CBAM Regulation adopted

Following a turbulent legislative process, Regulation (EU) 2023/956 of the European Parliament and of the Council of 10 May 2023 establishing a carbon border adjustment mechanism (or the CBAM) was published in the Official Journal of the European Union on 16 May 2023. Below we explain how the system around the CBAM is expected to work, and how to prepare for the new obligations it brings.

Coverage

The CBAM will cover imports of selected goods, identified using CN codes, from those sectors deemed to pose the highest risk of carbon leakage: cement, iron and steel, aluminium, fertilisers, electricity, and hydrogen. It will mainly apply to the basic materials produced in those sectors, with the exception of the steel sector, where it will also cover more refined materials produced further down value chains (such as screws and bolts).

The CBAM will cover both direct and indirect emissions embedded in imported goods, apart from goods that are covered by the indirect cost compensation schemes under the EU ETS – in such cases, only direct emissions will be accounted for.

Sector Greenhouse gas 
Iron and steel Carbon dioxide
Aluminium Carbon dioxide and perfluorocarbons
Hydrogen  Carbon dioxide
Fertilisers Carbon dioxide and nitrous oxide
Electricity
Carbon dioxide
Cement
Carbon dioxide

 

Transitional phase

Before the CBAM becomes fully operational, there will be a transitional period. Most notably, during this period there will be no obligation to purchase CBAM certificates – i.e., initially, financial adjustments will not be enforced. This period will run from 1 October 2023 to 31 December 2025. Its aim is to provide an opportunity to fine-tune the whole system around the CBAM, test and develop methodologies, and gather and analyse relevant data. Also, the transitional period will help create awareness among customs declarants concerning the new obligations, and will give them time to prepare before the “definite” phase of the CBAM kicks in.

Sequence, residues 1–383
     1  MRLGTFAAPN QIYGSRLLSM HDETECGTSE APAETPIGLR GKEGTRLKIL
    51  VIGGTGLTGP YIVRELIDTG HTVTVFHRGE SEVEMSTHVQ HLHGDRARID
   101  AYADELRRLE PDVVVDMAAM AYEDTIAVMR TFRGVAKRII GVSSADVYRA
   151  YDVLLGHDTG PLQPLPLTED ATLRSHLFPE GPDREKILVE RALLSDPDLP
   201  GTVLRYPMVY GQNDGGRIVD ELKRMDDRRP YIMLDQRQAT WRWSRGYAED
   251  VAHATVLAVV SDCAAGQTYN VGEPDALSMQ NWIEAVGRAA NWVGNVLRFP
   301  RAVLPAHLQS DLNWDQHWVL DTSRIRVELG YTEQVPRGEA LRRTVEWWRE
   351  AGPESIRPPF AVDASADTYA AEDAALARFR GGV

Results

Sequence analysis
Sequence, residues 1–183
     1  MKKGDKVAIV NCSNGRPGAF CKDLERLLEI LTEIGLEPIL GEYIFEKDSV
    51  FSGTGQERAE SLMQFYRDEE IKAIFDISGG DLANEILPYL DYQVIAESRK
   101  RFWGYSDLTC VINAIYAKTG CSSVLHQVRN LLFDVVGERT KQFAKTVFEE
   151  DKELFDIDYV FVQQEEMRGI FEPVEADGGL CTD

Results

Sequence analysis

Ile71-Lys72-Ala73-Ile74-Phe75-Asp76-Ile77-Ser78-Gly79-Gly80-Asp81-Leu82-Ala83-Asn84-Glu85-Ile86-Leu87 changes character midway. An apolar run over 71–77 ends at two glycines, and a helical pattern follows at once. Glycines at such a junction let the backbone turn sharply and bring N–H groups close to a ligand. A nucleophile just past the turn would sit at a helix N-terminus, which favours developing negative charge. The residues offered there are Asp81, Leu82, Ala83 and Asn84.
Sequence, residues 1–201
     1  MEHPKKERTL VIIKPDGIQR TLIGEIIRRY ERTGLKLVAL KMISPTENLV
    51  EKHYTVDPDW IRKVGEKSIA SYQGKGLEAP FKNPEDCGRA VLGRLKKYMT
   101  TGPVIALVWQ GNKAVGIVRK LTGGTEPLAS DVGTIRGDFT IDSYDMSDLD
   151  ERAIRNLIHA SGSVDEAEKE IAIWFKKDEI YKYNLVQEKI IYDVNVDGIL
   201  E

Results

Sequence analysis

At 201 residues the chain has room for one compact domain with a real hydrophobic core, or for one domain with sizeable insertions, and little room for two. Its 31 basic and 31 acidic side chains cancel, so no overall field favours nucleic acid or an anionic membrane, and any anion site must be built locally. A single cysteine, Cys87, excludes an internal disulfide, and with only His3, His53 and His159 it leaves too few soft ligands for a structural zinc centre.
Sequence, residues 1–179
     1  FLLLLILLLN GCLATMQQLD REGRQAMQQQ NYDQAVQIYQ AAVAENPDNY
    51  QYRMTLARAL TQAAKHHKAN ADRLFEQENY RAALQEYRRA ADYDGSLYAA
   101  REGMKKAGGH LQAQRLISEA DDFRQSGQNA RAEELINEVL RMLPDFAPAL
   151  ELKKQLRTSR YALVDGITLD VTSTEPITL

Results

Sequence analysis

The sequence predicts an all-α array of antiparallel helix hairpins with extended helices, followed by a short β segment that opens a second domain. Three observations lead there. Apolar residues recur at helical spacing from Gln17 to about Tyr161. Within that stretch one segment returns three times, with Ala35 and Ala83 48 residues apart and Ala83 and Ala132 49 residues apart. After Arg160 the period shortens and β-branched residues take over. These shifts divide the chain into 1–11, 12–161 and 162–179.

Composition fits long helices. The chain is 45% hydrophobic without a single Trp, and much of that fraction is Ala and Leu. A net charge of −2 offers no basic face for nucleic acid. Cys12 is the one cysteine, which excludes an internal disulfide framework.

The key obligation during the transitional period is quarterly reports, which will only need to include the emissions embedded in goods imported in the preceding quarter of the year and the carbon price effectively paid in the country of origin. While there will be no financial adjustments at this stage, these reporting obligations should not be neglected. Any inconsistencies between data reported during the transitional period and later, once the CBAM becomes fully effective, are very likely to draw the authorities’ attention and cause them to investigate further. That is why it is crucial to take a consistent strategic approach from the very beginning.

Quarterly reports during the transitional phase must be submitted by no later than one month after the end of each quarter, i.e. the first report should be submitted by 31 January 2024 and the last by 31 January 2026.

CBAM certificates

Once the transitional phase is over, the CBAM will involve not just reporting obligations, but financial ones as well. For this purpose, a system of CBAM certificates will be set up.

In some ways, these certificates will resemble the allowances used under the EU ETS – each of them will represent one metric tonne of emissions embedded in goods, and their prices will be strictly correlated. The price of CBAM certificates will be defined as the average of the closing prices of the EU ETS allowances on the auction platform for each calendar week. Yet there are some notable differences - while the EU ETS sets a limit on the total number of allowances issued (a cap), the CBAM has no predetermined number of certificates to sell, since such a limit would effectively constitute a limit on imports. There is also no secondary market for certificates, as this could lead to a situation where their prices no longer reflect the prices of EU ETS allowances.

Authorisation procedures

In general, once the CBAM becomes fully applicable on 1 January 2026, goods listed in Annex I to the CBAM Regulation can only be imported into the customs territory of the EU by Authorised Declarants. To be granted this status, importers will have to submit a relevant application. Importers established outside the EU cannot submit such a declaration and need to act through an indirect customs representative. For EU-based businesses, using such representative is possible, but not mandatory.

Authorisation is conditional upon meeting specific conditions. Most notably:

  • the applicant must not have committed a serious or repeated infringement of customs, tax or market abuse regulations during the five years preceding the application;
  • the applicant should demonstrate it has the financial and operational capacity to fulfil its obligations under the CBAM – in cases where the applicant was not established throughout the two financial years preceding the year of applying for authorisation, it must provide a guarantee.

Declarations and cancellation of certificates